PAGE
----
• Abdominoplasty: 117 – up 11%
• Breast augmentation: 10 – Static
The BAAPS (www.baaps.org.uk), based at the Royal College of Surgeons, is a not-for-profit organisation, established for the advancement of education and practice of Aesthetic Plastic Surgery for public benefit. Members undergo thorough background screening before they can join. Information about specific procedures and surgeons’ contact details can be found on the web site, or by contacting their advice line at 020 7405 2234. Further materials can be posted to members of the public seeking specialised information. BAAPS is also on Twitter: www.twitter.com/BAAPSMedia and Facebook: www.facebook.com/BritishAssociationofAestheticPlasticSurgeons
For all media enquiries, please contact Nikki Milovanovic on 020 7549 2863 or email email@example.com and for out-of-hours support contact Tingy Simoes on 07973 147 388 or firstname.lastname@example.org
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"Cosmetic surgery ops on the rise" - BBC News Feb 2016
There was a sharp increase in the popularity of cosmetic surgery in the UK in 2015, figures show.
The British Association of Aesthetic Plastic Surgeons (Baaps) said there were 51,140 surgical procedures last year - up from 45,406 the year before.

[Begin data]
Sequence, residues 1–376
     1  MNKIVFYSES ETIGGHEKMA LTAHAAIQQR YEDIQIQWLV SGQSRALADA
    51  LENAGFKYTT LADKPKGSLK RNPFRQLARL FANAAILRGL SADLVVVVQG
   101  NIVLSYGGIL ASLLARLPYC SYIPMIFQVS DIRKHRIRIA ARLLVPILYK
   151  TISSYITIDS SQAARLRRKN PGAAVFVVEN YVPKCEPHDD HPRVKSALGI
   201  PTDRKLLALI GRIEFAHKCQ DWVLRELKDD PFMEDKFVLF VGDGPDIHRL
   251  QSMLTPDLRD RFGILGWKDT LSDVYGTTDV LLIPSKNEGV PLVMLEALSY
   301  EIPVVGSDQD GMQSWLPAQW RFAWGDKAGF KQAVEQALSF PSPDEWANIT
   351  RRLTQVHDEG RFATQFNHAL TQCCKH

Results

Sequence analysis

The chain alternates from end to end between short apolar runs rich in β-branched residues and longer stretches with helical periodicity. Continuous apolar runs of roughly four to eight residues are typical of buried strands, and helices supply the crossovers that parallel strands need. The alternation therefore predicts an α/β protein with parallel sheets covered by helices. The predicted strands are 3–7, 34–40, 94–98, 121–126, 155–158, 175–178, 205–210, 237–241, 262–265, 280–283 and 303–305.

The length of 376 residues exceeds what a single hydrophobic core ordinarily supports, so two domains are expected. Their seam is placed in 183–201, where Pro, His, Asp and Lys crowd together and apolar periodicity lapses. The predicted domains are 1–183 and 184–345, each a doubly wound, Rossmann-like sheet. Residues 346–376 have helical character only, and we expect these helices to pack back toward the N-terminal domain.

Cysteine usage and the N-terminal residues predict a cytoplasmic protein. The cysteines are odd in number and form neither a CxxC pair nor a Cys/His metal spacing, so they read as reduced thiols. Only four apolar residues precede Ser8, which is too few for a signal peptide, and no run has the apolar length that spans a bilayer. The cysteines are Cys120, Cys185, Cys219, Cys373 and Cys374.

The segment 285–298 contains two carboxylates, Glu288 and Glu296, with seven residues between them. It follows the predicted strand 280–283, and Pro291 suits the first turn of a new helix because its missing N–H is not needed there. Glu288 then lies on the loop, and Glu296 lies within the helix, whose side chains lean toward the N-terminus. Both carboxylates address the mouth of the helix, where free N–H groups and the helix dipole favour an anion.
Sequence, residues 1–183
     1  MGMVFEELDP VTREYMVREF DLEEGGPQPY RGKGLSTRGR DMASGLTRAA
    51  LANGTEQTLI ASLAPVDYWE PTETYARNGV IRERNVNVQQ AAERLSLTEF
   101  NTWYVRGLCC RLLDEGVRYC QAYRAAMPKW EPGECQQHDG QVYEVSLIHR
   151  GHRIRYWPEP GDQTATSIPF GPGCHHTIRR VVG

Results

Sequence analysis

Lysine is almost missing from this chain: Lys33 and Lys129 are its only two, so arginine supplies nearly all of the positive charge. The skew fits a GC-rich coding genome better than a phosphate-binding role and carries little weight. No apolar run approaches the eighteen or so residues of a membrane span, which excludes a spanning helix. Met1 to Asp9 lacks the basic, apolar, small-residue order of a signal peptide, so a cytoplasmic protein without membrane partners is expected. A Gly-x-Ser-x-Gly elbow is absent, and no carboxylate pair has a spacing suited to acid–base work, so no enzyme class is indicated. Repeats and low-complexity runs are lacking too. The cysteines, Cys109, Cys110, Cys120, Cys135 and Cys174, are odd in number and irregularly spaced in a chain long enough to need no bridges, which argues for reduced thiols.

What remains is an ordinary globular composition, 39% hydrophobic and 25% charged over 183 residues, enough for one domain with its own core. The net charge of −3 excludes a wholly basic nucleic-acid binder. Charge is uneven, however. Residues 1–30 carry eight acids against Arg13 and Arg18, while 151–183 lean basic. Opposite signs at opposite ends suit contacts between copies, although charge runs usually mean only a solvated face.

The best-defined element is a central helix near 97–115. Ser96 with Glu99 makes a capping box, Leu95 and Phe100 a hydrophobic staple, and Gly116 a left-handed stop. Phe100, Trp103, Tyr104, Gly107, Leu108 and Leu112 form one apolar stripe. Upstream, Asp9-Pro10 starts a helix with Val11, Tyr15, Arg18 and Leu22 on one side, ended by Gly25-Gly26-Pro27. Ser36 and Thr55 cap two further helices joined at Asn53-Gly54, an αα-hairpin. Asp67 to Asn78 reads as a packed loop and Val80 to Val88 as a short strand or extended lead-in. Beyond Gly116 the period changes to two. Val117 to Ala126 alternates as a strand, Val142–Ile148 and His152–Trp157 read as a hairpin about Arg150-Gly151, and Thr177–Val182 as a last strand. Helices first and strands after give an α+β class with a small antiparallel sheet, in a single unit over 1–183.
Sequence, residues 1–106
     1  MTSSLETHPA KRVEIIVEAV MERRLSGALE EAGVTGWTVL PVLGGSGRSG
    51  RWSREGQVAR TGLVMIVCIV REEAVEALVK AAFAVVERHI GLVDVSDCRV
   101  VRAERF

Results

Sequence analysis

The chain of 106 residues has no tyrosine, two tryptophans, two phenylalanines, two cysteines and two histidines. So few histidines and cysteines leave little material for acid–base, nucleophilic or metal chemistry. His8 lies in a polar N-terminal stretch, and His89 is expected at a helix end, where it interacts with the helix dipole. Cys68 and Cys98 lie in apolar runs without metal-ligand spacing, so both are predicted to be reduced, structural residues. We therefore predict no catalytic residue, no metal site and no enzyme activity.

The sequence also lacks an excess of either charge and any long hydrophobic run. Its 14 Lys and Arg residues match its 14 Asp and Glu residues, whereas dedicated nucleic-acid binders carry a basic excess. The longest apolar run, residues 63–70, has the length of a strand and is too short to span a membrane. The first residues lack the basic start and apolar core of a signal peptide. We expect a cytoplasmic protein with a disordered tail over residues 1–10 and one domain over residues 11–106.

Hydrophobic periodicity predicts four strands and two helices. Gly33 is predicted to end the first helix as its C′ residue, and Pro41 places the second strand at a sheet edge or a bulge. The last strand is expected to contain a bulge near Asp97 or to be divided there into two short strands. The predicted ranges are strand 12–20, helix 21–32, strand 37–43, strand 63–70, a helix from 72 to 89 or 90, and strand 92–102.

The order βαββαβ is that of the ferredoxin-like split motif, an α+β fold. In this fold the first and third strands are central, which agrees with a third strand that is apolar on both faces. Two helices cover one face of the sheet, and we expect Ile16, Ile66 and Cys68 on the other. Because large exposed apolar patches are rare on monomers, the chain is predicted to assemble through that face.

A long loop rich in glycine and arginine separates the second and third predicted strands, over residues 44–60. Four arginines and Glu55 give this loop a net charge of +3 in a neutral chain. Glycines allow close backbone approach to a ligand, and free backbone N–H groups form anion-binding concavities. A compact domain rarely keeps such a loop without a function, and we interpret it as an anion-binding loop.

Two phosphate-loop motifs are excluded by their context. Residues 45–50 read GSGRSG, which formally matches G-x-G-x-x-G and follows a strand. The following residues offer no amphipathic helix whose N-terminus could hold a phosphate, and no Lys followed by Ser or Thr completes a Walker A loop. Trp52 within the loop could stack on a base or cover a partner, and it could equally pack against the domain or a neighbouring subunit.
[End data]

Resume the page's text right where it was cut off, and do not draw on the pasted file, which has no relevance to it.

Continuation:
It overturns a recent decline, which was blamed on the recession and the scandal over faulty breast implants.
Nine out of 10 procedures were in women, although the rise was seen in both genders.
At number 2 in the top 10 surgical procedures was:
Eyelid surgery up 12% to 8,689
Consultant plastic surgeon and Baaps council member Ash Mosahebi said many reasons were contributing to the increase.
He told the BBC: "I think partly because the economy is improving and people are spending more on luxury items.
"And social media is becoming more popular, people are sending pictures of themselves frequently and want to look good.
"And I would say the Botox generation who got older using Botox and fillers, those things are not working any more for those age groups so they're taking the next step up and that is surgical options."
"I have patients asking, 'What are you using?' and that's a good thing to have come out of that."
Extracts from: BBC News http://www.bbc.co.uk/news/health-35501487